While doing research for his book Fame Junkies, Jake Halpern asked 650 middle-school students whom they’d most like to have dinner with: Jesus Christ, Albert Einstein, Shaquille O’Neal, Jennifer Lopez, 50 Cent, Paris Hilton or President Bush. Lopez came in first place; Jesus took second. Fame Junkies attempts to figure out why. Halpern interviewed aspiring child stars, famous retirees, obsessive Rod Stewart fans, celebrity personal assistants, paparazzi and tabloid editors. He also spoke to scientists whose theories about fame obsession range from the evolutionary (our monkey-brain tells us, Pay attention to Angelina Jolie if you want to survive) to neurological (thinking about celebrities releases the same chemicals as illicit drugs, hence the title). What emerges is not a definitive answer, but a portrait of a culture that sees fame as a panacea for all its problems. Nerve spoke with Halpern about the peril of American Idol and whether celebrities really are just like us. – Gwynne Watkins
What makes someone pick Jennifer Lopez over Jesus as a dinner date?
I think a lot of it has to do with loneliness. The kids who described themselves as lonely and underappreciated were more likely to pick Paris Hilton or 50 Cent. The kids who were less lonely mostly picked Jesus.
Is celebrity worship the new religion? You profile a woman in the book named Marcy who lives and dies for Rod Stewart, but is also a born-again Christian.
Right, and I argue that she has different spiritual needs that are met by Jesus and by Rod. There’s that great line where she says, “Jesus loves me just the way I am, whereas Rod loves the tall blondes.” I think that what celebrities offer is a charismatic leader you can follow. You can make pilgrimages to their houses, to their concerts – there’s a group of followers, zealots, who you can bond with. Marcy was getting a lot from Rod to fill a sort of spiritual void. The problem was that, as she pointed out, sometimes Rod didn’t acknowledge her, and she’d feel crushed, whereas God is always around.
We worship these people, and then derive just as much glee from demolishing them.
Right. On one hand, celebrities serve our need to believe that there are people who are perfect and truly happy. And yet, in some ways, it’s anathema to our democratic, egalitarian sensibilities as Americans: that people are better than us, that we’re not all created equal. Especially when celebrities have too much of a sense of entitlement, when they’re embodying a bit too much of that Marie Antoinette let-them-eat-cake arrogance, then we revel in tearing them down.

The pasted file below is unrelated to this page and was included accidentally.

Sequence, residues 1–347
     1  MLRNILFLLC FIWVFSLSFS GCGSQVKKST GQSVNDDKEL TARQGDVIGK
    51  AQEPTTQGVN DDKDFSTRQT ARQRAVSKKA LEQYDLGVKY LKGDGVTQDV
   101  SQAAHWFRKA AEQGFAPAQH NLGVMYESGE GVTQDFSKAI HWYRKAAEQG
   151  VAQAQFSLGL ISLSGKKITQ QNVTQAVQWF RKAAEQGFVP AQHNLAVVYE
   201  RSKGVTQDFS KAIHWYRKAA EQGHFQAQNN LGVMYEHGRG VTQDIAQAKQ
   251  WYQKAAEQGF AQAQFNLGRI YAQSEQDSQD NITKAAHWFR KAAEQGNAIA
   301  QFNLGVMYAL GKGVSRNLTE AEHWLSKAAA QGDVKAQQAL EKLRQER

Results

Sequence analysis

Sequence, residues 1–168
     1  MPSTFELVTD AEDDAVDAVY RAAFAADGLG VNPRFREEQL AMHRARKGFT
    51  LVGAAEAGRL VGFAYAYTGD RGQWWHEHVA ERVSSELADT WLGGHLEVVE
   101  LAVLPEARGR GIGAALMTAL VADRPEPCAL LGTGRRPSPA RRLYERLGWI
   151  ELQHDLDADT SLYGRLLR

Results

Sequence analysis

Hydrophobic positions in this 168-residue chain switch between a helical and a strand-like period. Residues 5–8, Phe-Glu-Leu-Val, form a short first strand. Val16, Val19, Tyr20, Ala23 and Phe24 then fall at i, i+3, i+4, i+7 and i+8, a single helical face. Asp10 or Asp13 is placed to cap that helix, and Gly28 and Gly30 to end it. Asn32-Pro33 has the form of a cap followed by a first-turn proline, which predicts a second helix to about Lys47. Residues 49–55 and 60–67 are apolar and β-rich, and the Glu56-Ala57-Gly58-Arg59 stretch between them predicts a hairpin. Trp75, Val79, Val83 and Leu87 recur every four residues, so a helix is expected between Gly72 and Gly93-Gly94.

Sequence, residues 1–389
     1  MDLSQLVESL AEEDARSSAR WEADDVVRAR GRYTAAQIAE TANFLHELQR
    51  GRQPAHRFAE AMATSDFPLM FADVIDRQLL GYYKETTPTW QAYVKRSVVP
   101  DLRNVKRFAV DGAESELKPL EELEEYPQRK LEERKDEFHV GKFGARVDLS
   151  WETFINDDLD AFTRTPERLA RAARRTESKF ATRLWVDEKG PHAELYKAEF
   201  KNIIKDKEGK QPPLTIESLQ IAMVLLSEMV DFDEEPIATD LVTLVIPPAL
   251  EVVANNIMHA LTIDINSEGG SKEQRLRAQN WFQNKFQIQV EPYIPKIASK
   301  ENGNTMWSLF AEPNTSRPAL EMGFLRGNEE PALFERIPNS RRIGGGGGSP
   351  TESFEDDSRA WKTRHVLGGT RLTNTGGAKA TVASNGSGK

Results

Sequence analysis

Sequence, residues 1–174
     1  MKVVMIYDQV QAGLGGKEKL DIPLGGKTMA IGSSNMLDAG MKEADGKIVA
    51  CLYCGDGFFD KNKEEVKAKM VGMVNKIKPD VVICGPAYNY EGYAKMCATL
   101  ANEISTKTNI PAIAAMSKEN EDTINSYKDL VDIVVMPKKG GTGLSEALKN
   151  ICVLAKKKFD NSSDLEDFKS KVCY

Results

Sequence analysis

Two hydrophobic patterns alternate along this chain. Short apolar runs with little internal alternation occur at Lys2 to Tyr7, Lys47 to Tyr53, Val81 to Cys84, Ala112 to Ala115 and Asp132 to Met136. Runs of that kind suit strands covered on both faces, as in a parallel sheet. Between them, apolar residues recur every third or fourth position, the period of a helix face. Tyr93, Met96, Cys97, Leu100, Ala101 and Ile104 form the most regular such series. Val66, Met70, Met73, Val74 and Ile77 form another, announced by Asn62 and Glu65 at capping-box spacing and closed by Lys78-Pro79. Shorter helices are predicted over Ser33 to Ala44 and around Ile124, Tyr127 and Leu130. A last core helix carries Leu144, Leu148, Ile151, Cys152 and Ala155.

In the book, you reveal an interesting piece of trivia: In the early days of film, the actors’ names never appeared onscreen, but they still got fan letters addressed to, for instance, “The Lady in the Beautiful Dress.” Then, once their names became known, the press started out treating them as demigods, describing them with language about gladiators and Helen’s ships. And then that turned into what we have now, which is this idea that stars are totally normal people.
Yes. I see Vanity Fair as the old way: the epic view of Hollywood, the God-stuff. And Us Weekly is more “stars are just like us,” Tom and Brad, etc. And Vanity Fair‘s circulation is stagnant, and Us Weekly‘s is through the roof. I argue that Us Weekly‘s chummy tone is so appealing because we’re lonelier than we’ve ever been. These people give us the illusion of characters in our lives that we know.
Maybe it’s the popular-kid phenomenon. You know people in high school and college, they’re the prom queens and prom kings. They’re people whom we secretly admire, and maybe even envy because they seem to have it all. That’s the kind of void celebrities fill. And yet, we can relate to them. We don’t see ourselves totally as their peers, but we no longer see them as totally above us either. I was in a restaurant the other day, and I heard some people talking about Tom and Katie’s baby, and how beautiful it was, and it was like they were talking about their beautiful, glamorous friends.